27 JUL 2013 Feature Barnaul, Russia

When Sergey met Colin: Sergey Shubenkov meets his Hurdles hero Colin Jackson

Sergey Shubenkov and Colin Jackson in Barnaul (SPIKES)Sergey Shubenkov and Colin Jackson in Barnaul (SPIKES) © Copyright

European 110m Hurdles champion Sergey Shubenkov was minding his own business in his Siberian hometown of Barnaul, when suddenly, the former World record-holder and double world 110m Hurdles champion Colin Jackson turned up.

Last winter, during an interview, Shubenkov said: “I’ve recently been lucky enough to meet almost all of hurdling’s legends, with the exception of Colin Jackson, and he’s kind of my idol!"

So in early May this year, the IAAF and SPIKES teamed up with Colin Jackson and travelled to Shubenkov’s training session in Siberia, where we had them interview each other.

BBC commentator Jackson improvised, Shubenkov stayed up all night preparing, coming to the interview with a list of questions. This is what happened…

Jackson to Shubenkov:

Colin Jackson (CJ): As a guest in your beautiful city, shall I go first? I’m now 46. Where do you see yourself when you reach my age?

Sergey Shubenkov (SS): To be honest, I have no idea. I’m sure there will be many opportunities once my sports career is over, and I’m confident that doors will open. I could work for the government perhaps, or become a journalist or a coach. What I eventually choose will depend on my circumstances. Perhaps, if I keep winning, I’ll be put in charge of something!

CJ: Tell me how you felt last year when you won your first senior title and became European champion?

SS: I think everyone heard me scream as I crossed the finish line! But when I watched the reruns of the race, I could see the mistakes I made. There was contact with French athlete Garfield Darien twice and, without that, the outcome could have been even better.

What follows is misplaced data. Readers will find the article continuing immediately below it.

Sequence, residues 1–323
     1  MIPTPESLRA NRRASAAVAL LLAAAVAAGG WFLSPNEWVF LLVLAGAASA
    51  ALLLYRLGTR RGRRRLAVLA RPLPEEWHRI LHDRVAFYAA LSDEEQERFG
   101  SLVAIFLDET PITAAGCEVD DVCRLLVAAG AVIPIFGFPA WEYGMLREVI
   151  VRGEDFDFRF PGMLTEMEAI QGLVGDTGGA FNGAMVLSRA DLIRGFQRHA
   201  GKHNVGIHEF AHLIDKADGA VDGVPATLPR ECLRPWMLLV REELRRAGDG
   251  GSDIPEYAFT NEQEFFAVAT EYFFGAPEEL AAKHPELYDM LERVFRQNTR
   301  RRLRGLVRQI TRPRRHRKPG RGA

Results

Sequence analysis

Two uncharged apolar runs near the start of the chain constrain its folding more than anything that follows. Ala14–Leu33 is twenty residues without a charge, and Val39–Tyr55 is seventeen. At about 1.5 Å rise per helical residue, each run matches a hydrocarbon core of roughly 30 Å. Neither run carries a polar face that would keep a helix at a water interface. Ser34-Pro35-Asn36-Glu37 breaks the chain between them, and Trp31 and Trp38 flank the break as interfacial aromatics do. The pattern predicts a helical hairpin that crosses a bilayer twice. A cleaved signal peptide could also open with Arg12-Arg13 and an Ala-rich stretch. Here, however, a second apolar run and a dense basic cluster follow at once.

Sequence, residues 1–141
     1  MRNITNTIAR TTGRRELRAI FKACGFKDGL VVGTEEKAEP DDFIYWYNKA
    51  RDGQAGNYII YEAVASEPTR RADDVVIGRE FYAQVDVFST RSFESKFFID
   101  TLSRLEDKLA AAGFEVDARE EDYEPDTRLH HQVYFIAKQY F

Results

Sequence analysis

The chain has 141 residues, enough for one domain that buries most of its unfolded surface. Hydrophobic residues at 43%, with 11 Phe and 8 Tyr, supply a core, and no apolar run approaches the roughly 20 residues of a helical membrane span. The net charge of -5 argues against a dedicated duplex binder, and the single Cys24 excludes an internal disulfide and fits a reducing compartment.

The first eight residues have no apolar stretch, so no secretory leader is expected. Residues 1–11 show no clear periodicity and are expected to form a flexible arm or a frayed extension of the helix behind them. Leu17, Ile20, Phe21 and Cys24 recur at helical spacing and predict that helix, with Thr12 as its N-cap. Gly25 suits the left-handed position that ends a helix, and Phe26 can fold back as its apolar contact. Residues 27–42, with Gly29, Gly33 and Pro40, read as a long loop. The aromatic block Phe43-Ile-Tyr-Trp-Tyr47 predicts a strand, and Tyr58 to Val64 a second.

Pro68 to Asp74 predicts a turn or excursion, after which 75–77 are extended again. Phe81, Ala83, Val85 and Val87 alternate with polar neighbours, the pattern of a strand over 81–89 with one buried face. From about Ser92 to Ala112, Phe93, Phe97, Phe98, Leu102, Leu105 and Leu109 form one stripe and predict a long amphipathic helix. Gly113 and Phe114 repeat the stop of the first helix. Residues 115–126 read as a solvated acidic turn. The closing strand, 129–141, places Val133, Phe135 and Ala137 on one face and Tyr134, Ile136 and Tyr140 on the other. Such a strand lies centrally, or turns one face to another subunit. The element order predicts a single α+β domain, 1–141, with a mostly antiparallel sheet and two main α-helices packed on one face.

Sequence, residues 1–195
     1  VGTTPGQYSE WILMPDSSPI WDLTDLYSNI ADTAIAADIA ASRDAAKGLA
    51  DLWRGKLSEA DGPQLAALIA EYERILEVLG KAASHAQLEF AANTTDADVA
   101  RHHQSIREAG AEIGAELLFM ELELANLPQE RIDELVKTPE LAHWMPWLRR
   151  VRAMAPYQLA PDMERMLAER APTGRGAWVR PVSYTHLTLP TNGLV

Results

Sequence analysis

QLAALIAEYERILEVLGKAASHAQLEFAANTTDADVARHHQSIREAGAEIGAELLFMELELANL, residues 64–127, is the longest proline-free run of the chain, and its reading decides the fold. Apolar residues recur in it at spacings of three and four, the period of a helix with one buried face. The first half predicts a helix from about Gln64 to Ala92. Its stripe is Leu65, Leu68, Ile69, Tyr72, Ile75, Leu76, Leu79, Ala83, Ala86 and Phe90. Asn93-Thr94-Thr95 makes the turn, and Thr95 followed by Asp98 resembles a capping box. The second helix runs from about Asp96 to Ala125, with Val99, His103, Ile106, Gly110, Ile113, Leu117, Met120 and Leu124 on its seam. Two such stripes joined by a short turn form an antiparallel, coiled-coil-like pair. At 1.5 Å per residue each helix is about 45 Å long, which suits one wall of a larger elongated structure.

CJ: How were things back in Barnaul after your European victory last summer?

SS: People started to recognise me more often. Sometimes – actually, all the time – I would have complete strangers come up to me on the street and say, “Hey, are you Sergey Shubenkov? You’re awesome! Good luck at the Olympics!”

CJ: Do you mind if I ask about the Olympics?

SS: Well, it’s not exactly my favourite subject…

CJ: It’s not for me either (laughing)! But let’s talk about London 2012. I guess you had high hopes after the European Athletics Championships.

SS: Yes, of course. I was hoping for great things, that’s how I approach everything in life. After Helsinki, my coach and I took a break from competing in order to work on my fitness. I was convinced that in London I would be fast. But the atmosphere at the Olympics turned out to be completely different from what I’d expected. I’m not sure how to explain it. I thought OK, all I need to do is go out there and jump the same 10 hurdles as usual. I’ve done that thousands of times, and I had experience: I’d competed at the World Championship in 2011 and I’d met all of my rivals before at various stages of the Diamond League. In theory, there was nothing that could go wrong, but in reality, right after the start, my emotions completely destroyed my game plan.

CJ: Tell me what you expect from the IAAF World Championship in Moscow. I’m sure you’ll have maximum support on your home ground?

SS: That’s true. Every time I compete for the Russian team I feel a huge responsibility, but competing on home ground is an added pressure. I hope it will spur me on; generally, the greater the pressure the better my performance. I find that at lower profile events, like regionals, I can’t make myself give 100%.

CJ: So, you are hoping for a World Championship win on your home ground?

SS: Absolutely. As I said, I always hope for great things.

Shubenkov to Jackson:

SS: Well first of all, welcome to Barnaul, my hometown. Do you like it here?

CJ: So far so good. I’ve had a wonderful experience meeting you yesterday. In the evening you took me to a wonderful restaurant, so I had some authentic food. Which for me is one of the most important things when I go to some new places: to try and experience some local culture.

SS: I’m interested what you think about living in a small city as opposed to a large city. By Russian standards, Barnaul is small. Its population is no more than 600,000. Where would you prefer to live – in London or elsewhere?